the three different types of organic labels, 100% organic, organic, and made with organic
ingredients. The main focus of the article was to let college students know that you do not have

ARE THE HEALTH BENEFITS WORTH THE PRICE?


to eat organic to be healthy in college and that being healthy in college does not have to break the
bank.
My second article analyzed, Organic food is nutritionally superior was by far the best
source I used. The author was well read on the topic of antioxidants and nutrients. The article
contains recent and past studies conducted and the results of each one. Smith is successful in
conveying the information in a way that it is still accessible but does not take away from the
scientific value of her writing. The strongest quote from the reading is, The average serving of
organic plant- based food contained about 25% more of the nutrients encompassed in this study
than a comparable sized serving of the same food produced by conventional farming methods,
because it compares the two methods of farming per serving size and gives the statistic of 25%
(Smith, 2015).
I ate only unprocessed foods for a year was an interesting piece written by a college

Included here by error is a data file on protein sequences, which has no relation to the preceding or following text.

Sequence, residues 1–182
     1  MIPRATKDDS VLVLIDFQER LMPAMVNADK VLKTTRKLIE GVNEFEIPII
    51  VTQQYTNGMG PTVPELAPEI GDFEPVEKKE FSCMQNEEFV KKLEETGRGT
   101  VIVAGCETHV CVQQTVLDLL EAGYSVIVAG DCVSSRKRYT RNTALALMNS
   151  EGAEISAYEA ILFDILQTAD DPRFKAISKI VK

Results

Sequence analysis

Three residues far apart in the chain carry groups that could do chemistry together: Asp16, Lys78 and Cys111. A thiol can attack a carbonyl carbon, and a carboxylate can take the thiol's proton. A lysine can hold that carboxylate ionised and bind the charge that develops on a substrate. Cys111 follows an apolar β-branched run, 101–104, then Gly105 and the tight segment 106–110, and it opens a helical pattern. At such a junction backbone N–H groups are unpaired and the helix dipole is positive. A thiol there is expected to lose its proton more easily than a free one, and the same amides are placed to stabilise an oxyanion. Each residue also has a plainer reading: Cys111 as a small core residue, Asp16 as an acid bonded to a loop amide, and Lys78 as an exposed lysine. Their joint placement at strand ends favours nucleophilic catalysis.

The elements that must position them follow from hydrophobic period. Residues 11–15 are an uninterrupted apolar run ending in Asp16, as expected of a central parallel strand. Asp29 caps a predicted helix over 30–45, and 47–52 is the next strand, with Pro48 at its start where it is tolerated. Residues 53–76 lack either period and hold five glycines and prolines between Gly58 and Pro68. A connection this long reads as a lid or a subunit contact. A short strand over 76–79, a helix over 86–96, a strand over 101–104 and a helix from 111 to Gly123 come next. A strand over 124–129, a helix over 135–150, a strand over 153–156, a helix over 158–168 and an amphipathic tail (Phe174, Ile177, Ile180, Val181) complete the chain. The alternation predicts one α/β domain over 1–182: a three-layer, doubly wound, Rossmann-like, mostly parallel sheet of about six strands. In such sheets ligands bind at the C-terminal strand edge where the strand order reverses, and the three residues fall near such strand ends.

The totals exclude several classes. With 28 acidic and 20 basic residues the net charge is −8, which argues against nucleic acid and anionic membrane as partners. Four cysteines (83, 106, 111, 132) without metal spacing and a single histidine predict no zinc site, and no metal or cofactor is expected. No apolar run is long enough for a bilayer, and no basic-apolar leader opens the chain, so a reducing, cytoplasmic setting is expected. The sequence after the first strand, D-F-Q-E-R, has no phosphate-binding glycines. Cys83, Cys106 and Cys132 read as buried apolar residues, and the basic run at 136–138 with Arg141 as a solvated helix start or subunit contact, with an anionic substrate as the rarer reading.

graduate. Her information is reliable. Though this was more of a narrative of her experience, I
got a lot out of reading this article. I love that the author took the time to calculate what
percentage of her income she spent on unprocessed foods for a year. It was eye opening too see
how much money we as Americans spend on groceries. She states, Americans spend a relatively
small fraction of their disposable income on food consumed at home 5.6%, it may not seem
like a lot but it adds up (Kimble, 2015). She also mentions SNAP in her article this is a food
stamp organization and how challenging it is to purchase fresh produce on a low amount of
money.
Before reading these three articles I was on the fence about the debate over organic and
conventionally grown foods because I cannot physically see a difference between the two but, I
can sure see the difference in prices when paying for groceries. After reading Organic food is

ARE THE HEALTH BENEFITS WORTH THE PRICE?